The challenge of the new Tumblr
Sponsored gifset reaction a lesson for brand content creators
When I woke up this morning for first-waking, a time between 4 and 5 a.m., I made a quick stop online to visit Tumblr.
Nothing unusual there, my Tumblr dashboard is one of the first (and last) places I visit on the Internet each day. Full of things I find interesting and entertaining my Tumblr dash never fails to please. However this morning one of the first things to appear in my dash was this gifset from Universal promoting a horror film called The Purge.
Made with obvious skill the nine animated gifs flash and change quickly. As a person who is developing his giffing skills I immediately thought how cool it was to see a brand using a complex animated gif to promote a product on Tumblr. I started brainstorming ways I could use the gifset’s style - the solid panel of a single image and the nine smaller gifs appearing and disappearing.
Later I got an email from Medium saying that I had been invited to contribute. Excellent! I thought to myself, I’ll write about that gifset I saw on Tumblr this morning and how creative it was to use the platform’s language to reach the people who use Tumblr.
A quick search of The Purge tag turned up a collection of posts that changed my mind immediately about Tumblr’s attitude towards the posting.
Some users felt the ad was invading their personal online space. Others took the unwelcome content as a chance to badvocate for up to three brands at once.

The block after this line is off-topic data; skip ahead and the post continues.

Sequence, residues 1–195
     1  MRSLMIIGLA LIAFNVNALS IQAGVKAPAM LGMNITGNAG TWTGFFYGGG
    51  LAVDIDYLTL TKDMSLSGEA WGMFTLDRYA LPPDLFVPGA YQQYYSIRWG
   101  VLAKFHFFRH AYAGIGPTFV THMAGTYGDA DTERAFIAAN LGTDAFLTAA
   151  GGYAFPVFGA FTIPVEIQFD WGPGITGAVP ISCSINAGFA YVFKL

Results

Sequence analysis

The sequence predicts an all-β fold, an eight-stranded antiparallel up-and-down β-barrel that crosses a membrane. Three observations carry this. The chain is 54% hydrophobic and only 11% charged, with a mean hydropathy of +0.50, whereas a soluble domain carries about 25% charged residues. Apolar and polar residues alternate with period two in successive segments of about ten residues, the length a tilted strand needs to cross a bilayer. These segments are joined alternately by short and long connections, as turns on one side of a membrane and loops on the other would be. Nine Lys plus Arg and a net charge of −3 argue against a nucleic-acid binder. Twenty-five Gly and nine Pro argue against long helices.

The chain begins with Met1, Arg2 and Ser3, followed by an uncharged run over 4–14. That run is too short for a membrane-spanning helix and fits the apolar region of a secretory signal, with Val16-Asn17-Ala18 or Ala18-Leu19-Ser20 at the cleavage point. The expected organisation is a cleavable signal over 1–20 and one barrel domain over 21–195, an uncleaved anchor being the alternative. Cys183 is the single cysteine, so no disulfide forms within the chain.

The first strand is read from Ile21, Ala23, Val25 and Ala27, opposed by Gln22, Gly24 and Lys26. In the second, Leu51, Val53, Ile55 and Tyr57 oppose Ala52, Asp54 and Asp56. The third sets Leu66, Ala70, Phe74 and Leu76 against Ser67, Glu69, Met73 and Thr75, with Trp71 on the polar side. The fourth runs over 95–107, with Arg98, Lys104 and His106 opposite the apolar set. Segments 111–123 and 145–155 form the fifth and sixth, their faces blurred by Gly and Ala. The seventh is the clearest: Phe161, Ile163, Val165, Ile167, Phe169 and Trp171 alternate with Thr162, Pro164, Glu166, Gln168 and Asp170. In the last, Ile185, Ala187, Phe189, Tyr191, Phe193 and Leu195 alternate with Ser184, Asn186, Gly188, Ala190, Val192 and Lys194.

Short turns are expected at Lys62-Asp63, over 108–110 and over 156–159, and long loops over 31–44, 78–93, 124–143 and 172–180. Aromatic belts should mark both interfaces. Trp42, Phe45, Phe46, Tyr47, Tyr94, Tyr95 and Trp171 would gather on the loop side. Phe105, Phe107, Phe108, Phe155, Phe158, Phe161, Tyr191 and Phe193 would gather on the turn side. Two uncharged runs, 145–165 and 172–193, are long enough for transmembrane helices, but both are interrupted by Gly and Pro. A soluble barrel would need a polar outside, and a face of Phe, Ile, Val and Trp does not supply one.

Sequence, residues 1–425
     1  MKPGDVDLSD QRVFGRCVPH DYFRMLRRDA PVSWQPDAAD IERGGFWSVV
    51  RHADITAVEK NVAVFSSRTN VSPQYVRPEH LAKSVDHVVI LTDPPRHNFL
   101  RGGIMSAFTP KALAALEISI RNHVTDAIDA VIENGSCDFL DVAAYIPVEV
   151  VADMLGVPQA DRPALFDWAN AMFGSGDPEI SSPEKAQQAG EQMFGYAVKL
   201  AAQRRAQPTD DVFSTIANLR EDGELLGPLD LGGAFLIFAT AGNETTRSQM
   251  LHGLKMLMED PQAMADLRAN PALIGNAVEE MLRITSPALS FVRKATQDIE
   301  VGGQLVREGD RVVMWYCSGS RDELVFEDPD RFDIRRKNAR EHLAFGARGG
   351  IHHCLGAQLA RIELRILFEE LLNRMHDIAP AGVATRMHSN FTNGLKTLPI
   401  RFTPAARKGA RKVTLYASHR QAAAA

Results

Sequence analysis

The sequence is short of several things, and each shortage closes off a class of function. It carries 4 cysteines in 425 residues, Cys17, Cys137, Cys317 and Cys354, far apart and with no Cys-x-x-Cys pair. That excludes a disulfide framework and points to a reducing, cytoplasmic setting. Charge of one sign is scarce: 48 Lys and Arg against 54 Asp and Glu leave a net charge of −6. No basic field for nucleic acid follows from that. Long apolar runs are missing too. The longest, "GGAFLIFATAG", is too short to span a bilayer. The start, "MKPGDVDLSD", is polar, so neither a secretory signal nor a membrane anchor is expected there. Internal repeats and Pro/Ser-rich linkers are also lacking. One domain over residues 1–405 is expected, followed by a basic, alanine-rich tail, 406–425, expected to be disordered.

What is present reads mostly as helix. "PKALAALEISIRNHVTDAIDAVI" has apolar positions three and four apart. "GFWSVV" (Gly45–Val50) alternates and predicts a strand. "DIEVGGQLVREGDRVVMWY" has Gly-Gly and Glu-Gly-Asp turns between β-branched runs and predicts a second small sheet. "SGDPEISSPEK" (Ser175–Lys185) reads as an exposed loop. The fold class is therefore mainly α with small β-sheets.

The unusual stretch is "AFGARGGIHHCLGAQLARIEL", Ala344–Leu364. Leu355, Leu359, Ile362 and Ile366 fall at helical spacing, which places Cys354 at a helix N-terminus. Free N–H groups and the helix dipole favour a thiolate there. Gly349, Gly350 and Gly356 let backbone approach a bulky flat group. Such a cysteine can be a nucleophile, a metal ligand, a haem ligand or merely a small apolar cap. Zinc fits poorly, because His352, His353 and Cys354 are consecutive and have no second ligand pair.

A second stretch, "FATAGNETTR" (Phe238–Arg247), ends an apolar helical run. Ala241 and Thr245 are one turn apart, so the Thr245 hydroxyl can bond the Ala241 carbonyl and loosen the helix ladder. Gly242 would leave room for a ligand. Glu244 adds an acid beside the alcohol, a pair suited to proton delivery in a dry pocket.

Tumblr had shown its users paid content before the acquisition by Yahoo. It is called the Tumblr radar and shows up to the right of people’s dash and displays content chosen by Tumblr, or paid for by a marketer. It seems for some users paid posts like The Purge gifset are way over the line. So much so that one user is actively encouraging others to block any further messages about this brand’s product.
As someone who is buying more and more landscape in the social world it is both daunting and reassuring to see what users say about content someone like me took time to make and share. On one hand I am glad that consumers question the ads they see. On the other hand it’s disheartening to think that everything I share is (at some level) seen as a blatant attempt to curry favor.
Most of the time I am afraid that users will react to my content like this one did to the Purge gifset:
It’s also worth noting that the content was liked and reblogged hundreds and hundreds of times. Not every user saw it as an example of everything wrong with Tumblr now, some people thought it was pretty cool.
Buying space in social media feeds is the wave-of-the-now. What I learned today was that creativity is not a guarantee of acceptance, even in Tumblr where creativity is usually rewarded. If a fan of the movie had made this gifset there would never have been such an outcry. Creators for brands will not be perceived or received as fans of the brands. They are pitchmen. When it comes to brands and users interacting on the vibrant and growing platform called Tumblr brand content creators need to keep experimenting to find ways to meet (and market) in the middle.